Asked about the low numbers of Latinos in the technology industry, Gonzales said, "Some people, both inside and outside the industry, believe it is a pipeline issue. Others believe it is an interview process issue. I personally believe it is a little bit of both."
The technology industry, Gonzales said, has to do a better job of recruiting as well as retaining and engaging Latino workers. He says the industry is still in what he termed the "discovery" phase, where they are recognizing their lack of diversity. "But they have not moved on to the second phase of figuring out how to correct the issue."
Regalii's team of financial and technology experts is highly diverse. Still, De La Cruz said he understood, in part, why the lack of diversity persisted in the tech industry.
"Most Latinos do not come from an affluent background. When you grow up in the Heights, The Bronx, East L.A., the ecosystem is not there for you to succeed at this level in the tech field," he stated. "The people who go out and raise money for tech, they have been primed for that; they have been surrounded by that environment."
Although De La Cruz has found his way into a challenging field, he faced stereotypical expectations along the way. "When people who don't interact with our communities think of Latinos or Dominicans, they think of baseball players. I know that I look different from most the people across the table from me," he said. "So I have to be ten times prepared, ten times better than the next person. The first thing I say has to be very eloquent, to shift the perception right away."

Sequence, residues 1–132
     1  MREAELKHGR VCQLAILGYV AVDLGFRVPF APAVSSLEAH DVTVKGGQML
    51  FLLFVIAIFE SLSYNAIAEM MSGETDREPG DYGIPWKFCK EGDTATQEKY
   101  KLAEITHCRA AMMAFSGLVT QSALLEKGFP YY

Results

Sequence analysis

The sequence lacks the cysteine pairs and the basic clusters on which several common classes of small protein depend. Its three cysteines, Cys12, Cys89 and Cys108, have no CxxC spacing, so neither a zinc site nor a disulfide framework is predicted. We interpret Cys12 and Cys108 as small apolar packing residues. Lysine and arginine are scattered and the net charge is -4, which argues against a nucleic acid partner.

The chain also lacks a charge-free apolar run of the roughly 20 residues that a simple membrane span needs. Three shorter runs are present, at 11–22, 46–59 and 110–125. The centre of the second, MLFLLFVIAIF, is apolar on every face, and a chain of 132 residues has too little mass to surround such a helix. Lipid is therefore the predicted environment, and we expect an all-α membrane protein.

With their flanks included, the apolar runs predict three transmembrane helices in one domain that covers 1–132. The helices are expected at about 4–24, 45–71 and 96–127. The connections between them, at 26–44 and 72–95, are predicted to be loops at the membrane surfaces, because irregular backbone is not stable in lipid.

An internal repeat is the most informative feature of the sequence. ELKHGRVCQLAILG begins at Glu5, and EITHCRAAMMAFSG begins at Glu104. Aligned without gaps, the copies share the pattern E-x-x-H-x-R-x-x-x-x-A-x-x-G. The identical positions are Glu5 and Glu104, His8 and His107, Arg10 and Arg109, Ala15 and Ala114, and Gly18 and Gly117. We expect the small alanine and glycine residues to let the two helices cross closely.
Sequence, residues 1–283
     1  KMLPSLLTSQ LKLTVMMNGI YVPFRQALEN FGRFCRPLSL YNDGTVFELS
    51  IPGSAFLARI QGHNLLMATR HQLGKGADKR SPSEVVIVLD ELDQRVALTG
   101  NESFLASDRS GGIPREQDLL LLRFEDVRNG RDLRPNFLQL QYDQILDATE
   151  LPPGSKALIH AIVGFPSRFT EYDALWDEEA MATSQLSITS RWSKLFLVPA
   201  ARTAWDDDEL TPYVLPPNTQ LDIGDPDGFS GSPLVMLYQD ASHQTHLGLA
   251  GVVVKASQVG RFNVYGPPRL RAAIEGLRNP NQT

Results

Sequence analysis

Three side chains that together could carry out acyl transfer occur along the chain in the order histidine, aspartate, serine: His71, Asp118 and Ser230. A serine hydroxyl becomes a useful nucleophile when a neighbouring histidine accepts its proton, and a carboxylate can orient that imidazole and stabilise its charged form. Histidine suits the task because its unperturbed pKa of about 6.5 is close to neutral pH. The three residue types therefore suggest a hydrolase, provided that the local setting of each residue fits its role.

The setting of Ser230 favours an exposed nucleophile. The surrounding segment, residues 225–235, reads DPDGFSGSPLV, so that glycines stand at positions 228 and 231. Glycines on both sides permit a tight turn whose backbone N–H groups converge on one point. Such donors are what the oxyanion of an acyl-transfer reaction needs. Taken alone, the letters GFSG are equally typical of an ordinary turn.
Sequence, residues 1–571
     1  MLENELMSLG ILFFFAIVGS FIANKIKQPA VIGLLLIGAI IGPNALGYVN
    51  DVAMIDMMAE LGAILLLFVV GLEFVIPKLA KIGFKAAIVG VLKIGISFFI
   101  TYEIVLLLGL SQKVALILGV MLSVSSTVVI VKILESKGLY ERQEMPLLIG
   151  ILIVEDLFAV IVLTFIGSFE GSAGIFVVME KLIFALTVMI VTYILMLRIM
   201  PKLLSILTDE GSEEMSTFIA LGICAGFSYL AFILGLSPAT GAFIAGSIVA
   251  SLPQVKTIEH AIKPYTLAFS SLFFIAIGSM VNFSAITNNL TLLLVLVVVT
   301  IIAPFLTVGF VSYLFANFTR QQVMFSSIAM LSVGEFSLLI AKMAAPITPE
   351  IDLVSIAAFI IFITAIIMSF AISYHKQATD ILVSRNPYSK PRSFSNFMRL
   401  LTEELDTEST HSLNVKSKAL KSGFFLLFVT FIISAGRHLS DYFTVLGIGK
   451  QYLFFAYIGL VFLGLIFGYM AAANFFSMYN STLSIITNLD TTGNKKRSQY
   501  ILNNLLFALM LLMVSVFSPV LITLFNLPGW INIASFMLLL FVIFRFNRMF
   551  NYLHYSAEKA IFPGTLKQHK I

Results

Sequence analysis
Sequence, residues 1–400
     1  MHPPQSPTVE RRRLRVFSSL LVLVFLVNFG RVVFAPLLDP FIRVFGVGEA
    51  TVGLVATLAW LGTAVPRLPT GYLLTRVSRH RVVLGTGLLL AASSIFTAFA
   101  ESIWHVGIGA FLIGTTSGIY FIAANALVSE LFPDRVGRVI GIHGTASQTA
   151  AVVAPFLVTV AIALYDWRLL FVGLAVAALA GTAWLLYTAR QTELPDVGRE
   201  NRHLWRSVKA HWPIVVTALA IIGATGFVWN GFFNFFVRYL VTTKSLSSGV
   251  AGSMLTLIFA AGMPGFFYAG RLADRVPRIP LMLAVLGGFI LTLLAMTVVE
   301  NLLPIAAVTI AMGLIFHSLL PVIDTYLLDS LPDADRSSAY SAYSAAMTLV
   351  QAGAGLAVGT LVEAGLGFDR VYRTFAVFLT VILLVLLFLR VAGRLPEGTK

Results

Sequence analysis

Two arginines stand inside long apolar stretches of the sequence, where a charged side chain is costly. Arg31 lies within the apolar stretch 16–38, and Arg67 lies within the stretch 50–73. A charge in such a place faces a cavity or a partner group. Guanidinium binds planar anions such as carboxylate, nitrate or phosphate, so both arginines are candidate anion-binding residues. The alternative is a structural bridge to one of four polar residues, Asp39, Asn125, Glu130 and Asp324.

De La Cruz is part of an often under-reported trend: the growing impact of successful Latino small business owners. Research from the Stanford Latino Entrepreneurship Initiative (SLEI) shows that Latino-owned small businesses have a significant effect on the U.S. economy. SLEI's State of Latino Entrepreneurship 2015 report found that between 2007 and 2012, the number of Latino-owned businesses grew by 46.9 percent compared to 0.7 percent for non-Latino owned businesses. This suggests that Latinos play an important role in local job creation and economic development.
But many of these companies often remain small, due to lack of access to capital. SLEI found that for 70 percent of Latino entrepreneurs, the most common source of funding was personal savings, followed by credit cards and personal bank loans. A separate 2015 study, reported by Forbes, similarly found that Latino small business owners faced hurdles in securing funding.
By contrast, Regalii is funded by Andreessen Horowitz, Kapor Capital, Initialized Capital, and other leading technology investors. De La Cruz said that Regalii grew by 300 percent last year, and that the company is putting all profits towards continued growth.
"When we first invested in Regalii, we saw the opportunity to back a startup that saw around corners in the global market that other could not see," said Mitch Kapor of Kapor Capital in a statement. "Perhaps it took an immigrant to see an opportunity to not only serve other immigrants, but all people who are being underserved in a very large market."
Looking ahead, De La Cruz is focused on growing the company and providing opportunities to a new generation of Latino entrepreneurs. "I tell younger people that it is important to surround yourself with a small group that you consider your masterminds, people you strive to be like," he said. "You need feedback; I've learned in my lifetime that it is so hard to go it alone."
"And most of all, you need to give back. If you help others, others will help you," De La Cruz added. "Help for the sake of helping, and it will come back to you in another form."